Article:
5. Andrew, once the seeds were planted farms need maintenance, a lot of maintenance. So the farmers would not have been celebrating to fill the time. They would have been doing everything and anything to feed, clothe and house themselves.

  6. Of course it *would* reduce carbon emissions, by around one-quarter. We’ve got 7-8% unemployment rate – around 12% if you include those on ESA, some of whom could do “light work” if given the chance. Average male works 45 hours (ignoring the salaried/self-employed few whose 60-70 working week isn’t officially measured so doesn’t get into statistics), so reducing that by one-third and adding roughly one-tenth to the labour force ends up with only 74% of the production. Simples!
    That’s ignoring the lower efficiency of the shorter week.
    What’s that? Consumption will have to reduce by one-quarter? That’s the whole point, dear!

  7. @ Andrew Pearson
    Caring for animals, weeding, scaring away birds, making farm implements by hand, gathering fruit and nuts to eat (and acorns to feed the pigs); and for women cooking, weaving, cleaning, washing clothes, …

  8. Tim Newman,

    The Frogs have a 35 hour working week and from the workers’ perspective it’s not bad at all. As Tim Worstall likes to say, look not at the producer interests, but at the consumer outcome. (Not all consumers are workers, but certainly a lot more than producers.)

    They do have a separate supply-side issue that companies can’t hire because they can’t afford to fire; but that’s unrelated to the 35 hour week.

  9. Actually, if NEF is really serious about reducing everyone’s work week, all they need to do is to get the UK to adopt Obamacare.

  10. “The Frogs have a 35 hour working week and from the workers’ perspective it’s not bad at all.”

    A look at France’s unemployment and labor participation rates suggest that “workers” are a rather small demographic, though.

  11. The Frogs have a 35 hour working week and from the workers’ perspective it’s not bad at all.

    I work with an awful lot of Frenchmen, and none of them are particularly impressed with the 35 hour week. In fact, I might even be working in Paris myself in the next few weeks, having just been kicked off my current project for upsetting Nigerians with a blog post. I’ll let you know what I think of it. 🙂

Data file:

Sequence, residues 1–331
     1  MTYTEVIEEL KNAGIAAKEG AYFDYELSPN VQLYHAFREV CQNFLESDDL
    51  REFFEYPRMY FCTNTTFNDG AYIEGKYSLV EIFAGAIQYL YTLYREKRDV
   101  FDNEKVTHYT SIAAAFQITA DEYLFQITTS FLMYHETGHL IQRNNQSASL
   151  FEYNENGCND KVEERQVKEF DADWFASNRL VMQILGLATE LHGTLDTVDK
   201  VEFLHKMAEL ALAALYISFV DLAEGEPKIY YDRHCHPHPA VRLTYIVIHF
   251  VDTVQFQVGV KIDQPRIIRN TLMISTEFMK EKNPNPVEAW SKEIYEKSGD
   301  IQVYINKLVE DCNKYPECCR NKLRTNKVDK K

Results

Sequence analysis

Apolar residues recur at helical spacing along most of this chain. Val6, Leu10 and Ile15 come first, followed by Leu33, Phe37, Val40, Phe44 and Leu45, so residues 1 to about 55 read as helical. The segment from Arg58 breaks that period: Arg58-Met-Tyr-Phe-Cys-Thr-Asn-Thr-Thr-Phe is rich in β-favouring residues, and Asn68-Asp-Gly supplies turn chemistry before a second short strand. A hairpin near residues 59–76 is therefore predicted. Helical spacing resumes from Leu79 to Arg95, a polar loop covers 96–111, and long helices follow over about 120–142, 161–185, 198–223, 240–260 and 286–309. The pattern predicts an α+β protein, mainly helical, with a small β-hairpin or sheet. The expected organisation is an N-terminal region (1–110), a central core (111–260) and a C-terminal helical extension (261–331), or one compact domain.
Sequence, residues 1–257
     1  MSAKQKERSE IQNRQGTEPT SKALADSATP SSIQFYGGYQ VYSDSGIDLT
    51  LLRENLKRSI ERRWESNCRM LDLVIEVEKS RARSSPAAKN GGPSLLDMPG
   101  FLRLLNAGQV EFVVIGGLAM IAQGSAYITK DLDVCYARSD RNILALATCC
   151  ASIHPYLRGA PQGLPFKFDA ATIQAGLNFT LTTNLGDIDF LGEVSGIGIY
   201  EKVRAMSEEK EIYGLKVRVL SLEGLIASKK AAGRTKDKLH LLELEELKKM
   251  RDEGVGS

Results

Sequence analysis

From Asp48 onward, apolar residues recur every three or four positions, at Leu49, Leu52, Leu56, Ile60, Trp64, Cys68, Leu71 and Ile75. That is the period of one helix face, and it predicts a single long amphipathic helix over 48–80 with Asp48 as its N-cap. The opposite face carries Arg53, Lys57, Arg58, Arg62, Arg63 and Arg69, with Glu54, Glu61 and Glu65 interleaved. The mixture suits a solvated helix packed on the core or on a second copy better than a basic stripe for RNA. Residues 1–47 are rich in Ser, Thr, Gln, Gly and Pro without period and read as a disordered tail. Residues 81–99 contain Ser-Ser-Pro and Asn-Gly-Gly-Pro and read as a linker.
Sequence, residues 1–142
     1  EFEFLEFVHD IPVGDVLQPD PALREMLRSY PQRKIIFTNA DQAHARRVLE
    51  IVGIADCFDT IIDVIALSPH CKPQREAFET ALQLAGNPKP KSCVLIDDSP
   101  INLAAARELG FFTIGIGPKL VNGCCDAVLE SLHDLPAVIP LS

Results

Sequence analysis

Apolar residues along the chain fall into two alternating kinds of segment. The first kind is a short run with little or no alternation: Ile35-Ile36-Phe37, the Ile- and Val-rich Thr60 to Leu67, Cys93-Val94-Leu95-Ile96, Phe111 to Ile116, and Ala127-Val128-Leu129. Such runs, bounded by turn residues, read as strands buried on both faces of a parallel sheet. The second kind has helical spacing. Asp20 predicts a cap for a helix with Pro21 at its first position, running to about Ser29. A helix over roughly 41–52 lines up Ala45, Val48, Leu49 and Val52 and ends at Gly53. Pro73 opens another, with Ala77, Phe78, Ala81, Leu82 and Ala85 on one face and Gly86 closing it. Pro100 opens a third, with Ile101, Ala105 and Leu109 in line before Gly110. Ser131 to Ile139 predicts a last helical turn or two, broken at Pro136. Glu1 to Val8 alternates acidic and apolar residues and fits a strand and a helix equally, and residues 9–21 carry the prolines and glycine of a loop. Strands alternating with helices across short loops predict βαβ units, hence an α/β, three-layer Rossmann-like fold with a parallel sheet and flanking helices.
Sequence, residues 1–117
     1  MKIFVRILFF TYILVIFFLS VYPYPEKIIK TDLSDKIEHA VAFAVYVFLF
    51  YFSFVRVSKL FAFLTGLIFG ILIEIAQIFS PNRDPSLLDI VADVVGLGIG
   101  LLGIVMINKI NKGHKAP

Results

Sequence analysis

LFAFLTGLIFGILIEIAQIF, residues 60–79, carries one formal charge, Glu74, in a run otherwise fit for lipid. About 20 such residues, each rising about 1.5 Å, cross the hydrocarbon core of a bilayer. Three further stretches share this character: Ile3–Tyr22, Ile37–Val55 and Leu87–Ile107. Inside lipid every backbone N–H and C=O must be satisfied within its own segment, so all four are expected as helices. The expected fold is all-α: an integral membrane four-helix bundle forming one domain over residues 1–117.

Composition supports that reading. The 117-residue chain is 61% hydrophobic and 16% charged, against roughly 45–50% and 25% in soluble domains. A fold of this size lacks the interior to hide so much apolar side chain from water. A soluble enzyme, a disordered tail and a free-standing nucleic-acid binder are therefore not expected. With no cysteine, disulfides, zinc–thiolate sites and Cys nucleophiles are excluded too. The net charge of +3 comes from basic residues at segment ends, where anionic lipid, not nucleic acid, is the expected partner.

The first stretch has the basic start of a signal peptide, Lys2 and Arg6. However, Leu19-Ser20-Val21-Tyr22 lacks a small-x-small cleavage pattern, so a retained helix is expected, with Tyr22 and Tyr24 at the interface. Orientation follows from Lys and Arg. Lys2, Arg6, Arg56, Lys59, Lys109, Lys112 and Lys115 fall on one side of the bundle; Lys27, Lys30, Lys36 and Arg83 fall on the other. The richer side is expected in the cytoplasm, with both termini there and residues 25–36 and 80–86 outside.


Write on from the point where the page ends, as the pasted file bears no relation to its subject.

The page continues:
12. @ Richard
    Because they only commute 4 days a week instead of 5
    110 x 4 = 440 which is less than 100 x 5 = 500
    That’s in the bit which Tim didn’t quote.
    So if you try to ‘phone someone there will be one chance in three that they aren’t in

  13. The 35 hour week in France thing is only half true. As with all things French it’s complicated but if you want to work more than 35 hours it is possible – you often get compensation (pay or time off) for hours exceeded. For example, I work >38 hours a week and get between 9 and 11 days off a year extra, of which 4-5 are imposed by the employer.

  14. Sure, from a working point of view, a 35 hour week would be all fine and dandy, but as a worker (paid hourly), I’d be bankrupt in about 6 months (I probably average 50 hours or so a week).

    Would also cause my employer lots of grief – most of the stuff I work on, I’m working on my own on a project, where it would be impractical to try and share my work between two people… so each finished project taken from drawings through assembly to completion and testing would take about twice as long. Then there would be the extra costs for employing more people – two people to send on a lifting and slinging course, twice as many weld ing codes to pay for, twice as many people to insure on the vans, extra ciss cards, more hi vis jackets, etc etc etc – employing more people to do less is bound to cost more.

    Still we all know that all employers do is exploit people, so who cares if they suffer some…

  15. “having just been kicked off my current project for upsetting Nigerians with a blog post. ” Aha, as I suspected, Watson: the dogs that did bark in the night.